The band that I enjoyed most, by far, on Thursday evening was Sacramento's own Avenue Saints. From the first moment on stage, they are provocative and different. Upright bass? Irish hat? American punk... really?
Many bands that are today categorized as "punk" are to me "happy punk" or "fun punk" and while entertaining, not punk rock as I know it.. While the rhythm and insistency might still be there, the origins are not. (And I do understand that American Punk was different to, and more mainstream/commercial than, the British punk of the late 70's and early 80's.) Punk was rebellion: rebellion against authority, rebellion against mainstream music and commercialism (though there were plenty who later made it commercial); punk was anti-fashion (which quickly became a fashion in itself, safety-pins and bin-liners (garbage bags) and shocking hairdos and piercings); punk was angry and assumptive and aggressive and secular. It was abrasive and it was not-very-musical, at least to begin with, because people were grabbing guitars and forming bands before they knew how to play a chord. It was overtly political, because our lives at that time were overtly political. It was ordinary people taking a step out of their lives bogged-down with Thatcher, strikes, the greyness of mediocrity and racism and inner-cities and not-wanting-to-be-like everyone else. It was anarchism in its purest form, right before it became sellable. It was breaking-through the complacency and expectations of the upper- and middle-classes into a vacuum that could be filled with music. Remember the Sex Pistol's version of "God Save The Queen"? Do you, today, have any idea how wrong and shocking that was to the older generations? It really was.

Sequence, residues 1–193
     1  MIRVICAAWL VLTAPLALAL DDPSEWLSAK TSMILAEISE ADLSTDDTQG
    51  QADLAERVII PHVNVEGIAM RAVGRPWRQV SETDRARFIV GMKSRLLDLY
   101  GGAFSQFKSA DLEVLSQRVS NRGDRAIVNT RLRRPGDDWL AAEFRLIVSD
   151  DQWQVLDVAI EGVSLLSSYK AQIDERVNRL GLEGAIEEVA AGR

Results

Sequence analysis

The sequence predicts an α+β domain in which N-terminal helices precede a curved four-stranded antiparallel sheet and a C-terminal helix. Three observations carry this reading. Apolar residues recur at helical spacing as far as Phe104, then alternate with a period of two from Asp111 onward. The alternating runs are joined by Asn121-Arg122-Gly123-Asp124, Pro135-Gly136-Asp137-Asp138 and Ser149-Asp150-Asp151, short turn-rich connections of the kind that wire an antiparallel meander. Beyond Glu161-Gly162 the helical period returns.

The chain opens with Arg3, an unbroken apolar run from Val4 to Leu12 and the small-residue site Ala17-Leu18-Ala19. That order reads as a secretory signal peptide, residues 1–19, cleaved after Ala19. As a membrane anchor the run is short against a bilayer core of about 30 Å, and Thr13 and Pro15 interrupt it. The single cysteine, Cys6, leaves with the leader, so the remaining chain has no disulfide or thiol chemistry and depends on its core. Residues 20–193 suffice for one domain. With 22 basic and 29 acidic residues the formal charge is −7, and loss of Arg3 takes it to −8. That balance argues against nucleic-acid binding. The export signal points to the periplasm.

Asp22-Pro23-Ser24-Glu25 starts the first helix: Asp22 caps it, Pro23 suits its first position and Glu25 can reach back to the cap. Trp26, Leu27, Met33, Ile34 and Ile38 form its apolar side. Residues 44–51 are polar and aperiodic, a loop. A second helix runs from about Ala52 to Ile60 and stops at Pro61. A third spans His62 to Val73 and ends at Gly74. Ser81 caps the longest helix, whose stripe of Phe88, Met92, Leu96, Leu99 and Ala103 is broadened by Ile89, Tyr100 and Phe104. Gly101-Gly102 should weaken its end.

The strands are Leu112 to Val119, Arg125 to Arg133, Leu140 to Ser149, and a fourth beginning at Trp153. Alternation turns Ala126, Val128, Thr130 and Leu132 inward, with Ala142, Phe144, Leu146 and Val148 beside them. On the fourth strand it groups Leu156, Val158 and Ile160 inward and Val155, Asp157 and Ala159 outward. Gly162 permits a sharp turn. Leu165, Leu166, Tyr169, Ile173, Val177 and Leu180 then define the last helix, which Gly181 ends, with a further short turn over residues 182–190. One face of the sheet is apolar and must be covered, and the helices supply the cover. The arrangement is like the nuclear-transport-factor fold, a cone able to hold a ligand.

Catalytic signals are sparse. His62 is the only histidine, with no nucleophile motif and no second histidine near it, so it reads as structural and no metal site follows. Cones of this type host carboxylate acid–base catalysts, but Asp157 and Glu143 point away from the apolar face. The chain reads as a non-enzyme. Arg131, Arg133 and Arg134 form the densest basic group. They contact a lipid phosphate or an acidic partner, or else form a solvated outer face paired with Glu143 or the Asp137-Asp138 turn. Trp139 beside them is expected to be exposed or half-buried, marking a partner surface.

(Malcolm McClaren. Best-known face of commercial punk rock. Simon Cowell's activities reminds me of McClaren today. But don't dismiss McClaren as simply someone who redirected a bandwagon towards open wallets... listen to his "Paris" first. He was good. Here's a review I wrote of Paris, back-in-the-day under the pen-name Ali Sinclair, on Consumable Online, one of the first-ever online music 'zines.)
But Avenue Saints? They reminded me all the way... but in their own unique style.
Three guys, one bass, one guitar and a drum kit. Loved their rendition of Elvis' "In The Ghetto"--watch out for a downloadable version soon on their Facebook page.
"In a land of sheep and shepherds, we need more wolves!" How very, very true.
I'm going to see Avenue Saints again. Soon.
To see more photos from the show, click on any of the pictures in this post, or go to the gallery: http://alisontoon.com/avenuesaints